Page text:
Learn common chord progression with lists of two chords, three chords, four chords, five chords, and six chords. The list of chord progressions below will help generate ideas for song compositions.
If you are confused by the Roman numeral notation, click Roman Numerals and How to Play a Chord to learn more about them or you can find their definitions online.
Simple chord progression list with two chords
I-IV Common progression.
I-V Common progression
Chord progression list with three chords
I-IV-V Commonly used in rock and roll
I-II-IV Used by the Beatles in – Sgt Pepper’s Lonely Hearts Club Band
I-IV-V7 *V7 is a regular V chord with a minor third on the top. An example of a V7 would be G, B, D, F. You can learn more about sevenths at *How to use 7th Chords in Compositions.
I-flatted VII-IV Used in gospel music
I-flatted III-IV One of my favorite progressions, used by Lynyrd Skynyrd in ‘Free Bird’
Chord progression list with four chords
I-IV-I-V Common progression
I-IV-I-V7 Common progression with dominant 7th chord in place of V chord
I-IV-V-IV Common progression with a rolling motion.
I-vi-IV-V Heart and Soul – Theme from the film Big with Tom Hanks. This chord progression is fun to play.
I-vi-ii-V Gershwin in ‘I’ve Got Rhythm’
I-V-vi-IV Used by Journey in ‘Don’t Stop Believin’. Another fun rolling progression.
IV-I-IV-V Chord progression not starting on the tonic!
I-I-IV-V Similar to the I-IV-V, but more this is more widely used because it is four measures long. Many musical phrases are divisible by 4, normally 16, which makes chord progression using four chords more popular than others.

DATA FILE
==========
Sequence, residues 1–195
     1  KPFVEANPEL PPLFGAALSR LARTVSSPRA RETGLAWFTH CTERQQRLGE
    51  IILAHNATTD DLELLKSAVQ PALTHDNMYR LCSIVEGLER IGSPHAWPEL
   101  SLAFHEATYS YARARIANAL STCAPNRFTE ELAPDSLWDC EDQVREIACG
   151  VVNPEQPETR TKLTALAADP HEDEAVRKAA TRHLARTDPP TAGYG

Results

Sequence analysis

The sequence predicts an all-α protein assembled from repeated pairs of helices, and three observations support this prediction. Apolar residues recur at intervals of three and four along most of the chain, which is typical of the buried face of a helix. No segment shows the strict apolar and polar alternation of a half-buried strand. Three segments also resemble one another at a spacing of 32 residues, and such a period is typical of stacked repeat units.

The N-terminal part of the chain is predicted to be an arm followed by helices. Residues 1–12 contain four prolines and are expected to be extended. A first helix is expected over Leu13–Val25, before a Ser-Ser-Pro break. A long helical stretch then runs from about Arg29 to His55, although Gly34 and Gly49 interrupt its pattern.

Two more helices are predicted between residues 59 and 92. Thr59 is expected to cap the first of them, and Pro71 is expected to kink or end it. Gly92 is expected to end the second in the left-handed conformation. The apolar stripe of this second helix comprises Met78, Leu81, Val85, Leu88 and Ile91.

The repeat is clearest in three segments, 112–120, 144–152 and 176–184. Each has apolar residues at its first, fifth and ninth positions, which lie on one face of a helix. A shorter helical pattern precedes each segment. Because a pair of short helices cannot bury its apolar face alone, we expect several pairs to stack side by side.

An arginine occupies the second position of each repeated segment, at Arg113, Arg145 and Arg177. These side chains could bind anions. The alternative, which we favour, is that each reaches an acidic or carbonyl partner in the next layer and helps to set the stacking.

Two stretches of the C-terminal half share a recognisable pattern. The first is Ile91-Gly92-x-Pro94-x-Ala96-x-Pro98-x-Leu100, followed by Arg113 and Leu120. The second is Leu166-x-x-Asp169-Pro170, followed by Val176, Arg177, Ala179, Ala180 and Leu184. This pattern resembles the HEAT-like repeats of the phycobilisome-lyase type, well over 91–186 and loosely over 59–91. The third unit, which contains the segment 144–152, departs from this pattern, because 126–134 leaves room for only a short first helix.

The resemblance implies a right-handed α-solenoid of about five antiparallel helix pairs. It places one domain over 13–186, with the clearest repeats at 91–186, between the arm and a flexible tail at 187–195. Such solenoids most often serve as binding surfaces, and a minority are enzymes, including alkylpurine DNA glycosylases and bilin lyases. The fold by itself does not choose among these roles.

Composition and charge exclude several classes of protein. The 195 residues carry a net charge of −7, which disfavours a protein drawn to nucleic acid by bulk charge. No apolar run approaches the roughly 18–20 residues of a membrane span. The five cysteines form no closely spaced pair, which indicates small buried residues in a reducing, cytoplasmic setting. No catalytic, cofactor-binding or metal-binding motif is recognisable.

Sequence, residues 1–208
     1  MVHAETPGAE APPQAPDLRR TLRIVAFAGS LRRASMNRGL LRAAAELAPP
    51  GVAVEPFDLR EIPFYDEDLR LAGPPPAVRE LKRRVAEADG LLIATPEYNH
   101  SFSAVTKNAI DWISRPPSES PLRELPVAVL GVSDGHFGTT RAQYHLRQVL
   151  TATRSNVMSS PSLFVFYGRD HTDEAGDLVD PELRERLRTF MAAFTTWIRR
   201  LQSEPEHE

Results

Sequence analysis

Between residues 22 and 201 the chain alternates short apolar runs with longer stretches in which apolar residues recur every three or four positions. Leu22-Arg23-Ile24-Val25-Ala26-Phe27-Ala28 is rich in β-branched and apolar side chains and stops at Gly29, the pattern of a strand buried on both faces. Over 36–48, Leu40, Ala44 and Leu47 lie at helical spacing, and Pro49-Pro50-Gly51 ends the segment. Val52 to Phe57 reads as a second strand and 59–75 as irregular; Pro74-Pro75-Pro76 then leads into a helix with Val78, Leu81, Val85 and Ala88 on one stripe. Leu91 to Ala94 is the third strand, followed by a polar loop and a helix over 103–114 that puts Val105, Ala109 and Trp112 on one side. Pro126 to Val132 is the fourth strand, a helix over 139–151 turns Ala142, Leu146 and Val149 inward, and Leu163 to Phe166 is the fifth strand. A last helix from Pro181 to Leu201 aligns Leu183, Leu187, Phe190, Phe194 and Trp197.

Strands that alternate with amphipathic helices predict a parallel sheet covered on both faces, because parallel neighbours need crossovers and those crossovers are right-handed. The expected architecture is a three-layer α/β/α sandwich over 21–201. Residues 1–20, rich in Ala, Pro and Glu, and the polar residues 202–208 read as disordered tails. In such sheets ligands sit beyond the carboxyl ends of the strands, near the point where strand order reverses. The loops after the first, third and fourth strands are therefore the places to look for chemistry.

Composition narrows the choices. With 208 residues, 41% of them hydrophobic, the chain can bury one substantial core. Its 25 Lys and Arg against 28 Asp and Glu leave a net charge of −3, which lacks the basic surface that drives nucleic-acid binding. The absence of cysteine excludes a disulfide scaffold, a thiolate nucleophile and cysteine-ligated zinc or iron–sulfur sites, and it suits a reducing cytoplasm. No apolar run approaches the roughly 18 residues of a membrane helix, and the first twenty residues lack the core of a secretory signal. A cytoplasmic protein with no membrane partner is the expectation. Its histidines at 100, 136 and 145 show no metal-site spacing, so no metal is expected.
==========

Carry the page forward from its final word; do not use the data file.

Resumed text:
vi-IV-I-V Currently a very popular chord progression used by The Offspring, Linkin Park, The Cranberries, OneRepublic, and others. Also used in our composition titled Medley of Waterfalls
Chord progressions list with five chords
I-vi-ii-IV-V7 Common Progression. Notice how the subsequent chord has many of the same notes. I and vi, ii and IV, both have two notes in common.
I-vi-ii-V7-ii Similar to the previous chord progression, but with a ii squeezed in between the V7 and the I. This added ii makes the progression less final at the end. V to I is a popular way to end songs. With the ii, it sounds like the song keeps going.
Chord progressions list with six chords
I-IV-I-V7-IV-I Blues and jazz is normally a 12–bar progression making this chord progression ideal for jazz tunes.
The numerous above chord progressions lists are ideal to use if you’re stuck at the keyboard and unsure where to begin. The above chord progressions are popular progression that have been around, but feel free to compose your own progressions. Who knows, maybe you’ll compose the next popular progression.